The Deferred Action for Childhood Arrivals was a measure enacted nine years ago to provide temporary deportation relief and work permits to undocumented immigrants brought to this county when they were children. These protections, however, have been under constant challenge. A Senate hearing was scheduled for late June on DACA while an ongoing federal court case in Texas may address the legality of this immigration measure.
The Senate hearing was scheduled on the ninth anniversary of the Presidential announcement of DACA. Former leaders of U.S. Citizenship and Immigration Services and a DACA recipient who is now a medical resident were designated witnesses at the hearing.
Senators are considering legislation that would provide permanent protections for thousands of people, often referred to as Dreamers, and others who relied on temporary protections for many years. It is anticipated that many senators will not support a stand-alone measure addressing DACA but may insist on measures including measures to improve border security and address high immigration levels at the U.S.-Mexico border.
The House of Representative passed a bill in March with bipartisan support. It provided a way to citizenship to Dreamers and other individuals with temporary immigration protections.
A pro-immigration group expressed concern on whether there are 60 votes to override a Senate filibuster. The measure may have to undergo the 50-vote reconciliation process, according to that group.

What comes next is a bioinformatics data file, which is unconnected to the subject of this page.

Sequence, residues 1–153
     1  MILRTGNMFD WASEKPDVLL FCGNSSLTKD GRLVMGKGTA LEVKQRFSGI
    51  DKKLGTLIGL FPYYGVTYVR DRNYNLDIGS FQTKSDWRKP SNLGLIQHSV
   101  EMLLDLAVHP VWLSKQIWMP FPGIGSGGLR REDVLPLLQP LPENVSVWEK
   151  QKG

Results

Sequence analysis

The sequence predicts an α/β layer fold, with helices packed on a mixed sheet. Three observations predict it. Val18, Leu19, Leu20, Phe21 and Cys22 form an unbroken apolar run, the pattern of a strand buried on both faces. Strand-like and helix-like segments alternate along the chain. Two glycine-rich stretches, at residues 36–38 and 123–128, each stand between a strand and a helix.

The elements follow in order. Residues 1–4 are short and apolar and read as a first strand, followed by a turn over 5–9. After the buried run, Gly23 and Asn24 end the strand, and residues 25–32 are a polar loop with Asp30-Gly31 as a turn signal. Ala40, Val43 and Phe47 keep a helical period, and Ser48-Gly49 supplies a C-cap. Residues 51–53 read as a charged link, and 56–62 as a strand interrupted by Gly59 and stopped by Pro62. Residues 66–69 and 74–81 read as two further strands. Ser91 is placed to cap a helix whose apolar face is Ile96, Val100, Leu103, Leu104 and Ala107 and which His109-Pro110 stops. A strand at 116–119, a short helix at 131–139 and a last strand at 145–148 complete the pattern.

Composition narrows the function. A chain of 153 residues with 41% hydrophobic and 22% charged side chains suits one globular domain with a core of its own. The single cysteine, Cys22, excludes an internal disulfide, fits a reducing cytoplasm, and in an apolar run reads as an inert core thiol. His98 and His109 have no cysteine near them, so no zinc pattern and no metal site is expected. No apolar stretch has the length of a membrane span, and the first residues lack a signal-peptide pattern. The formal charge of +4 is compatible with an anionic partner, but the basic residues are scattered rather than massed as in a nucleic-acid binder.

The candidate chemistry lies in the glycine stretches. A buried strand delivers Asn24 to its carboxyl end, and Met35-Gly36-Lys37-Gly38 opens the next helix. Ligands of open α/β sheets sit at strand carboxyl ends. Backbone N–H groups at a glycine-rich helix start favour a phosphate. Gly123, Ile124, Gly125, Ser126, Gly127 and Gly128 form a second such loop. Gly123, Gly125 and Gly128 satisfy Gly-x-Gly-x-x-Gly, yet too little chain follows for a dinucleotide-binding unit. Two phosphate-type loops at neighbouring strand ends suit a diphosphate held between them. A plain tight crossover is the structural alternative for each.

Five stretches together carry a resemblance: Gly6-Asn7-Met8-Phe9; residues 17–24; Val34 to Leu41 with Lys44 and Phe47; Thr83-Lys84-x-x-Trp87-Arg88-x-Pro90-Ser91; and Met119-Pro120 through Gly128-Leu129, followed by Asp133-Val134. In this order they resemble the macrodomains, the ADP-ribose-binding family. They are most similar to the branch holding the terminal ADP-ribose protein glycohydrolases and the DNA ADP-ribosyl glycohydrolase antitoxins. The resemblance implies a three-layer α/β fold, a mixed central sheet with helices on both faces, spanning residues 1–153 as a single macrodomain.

Meanwhile, a federal district court judge in Texas is reviewing a request from a group of states to strike down the central legality of the DACA program. Several years ago, he ruled against the federal government’s efforts to expand DACA.
That judge indicated at a hearing in late March in this case that he would consider giving the Department of Homeland Security the opportunity to redo the program instead of terminating the program immediately if he ruled in favor of those states.
The U.S. Supreme Court previously ruled against another method to strike down DACA. But the case pending in Texas could pose another risk to that program.
The government is preparing a regulation to preserve and strengthen DACA. But regulations may also be at risk from court challenges. Court rulings against DACA, however, could compel Congress to act.
Seeking DACA protection can be complicated. Attorneys can help Dreamers and other eligible individuals undergo this process and pursue their rights.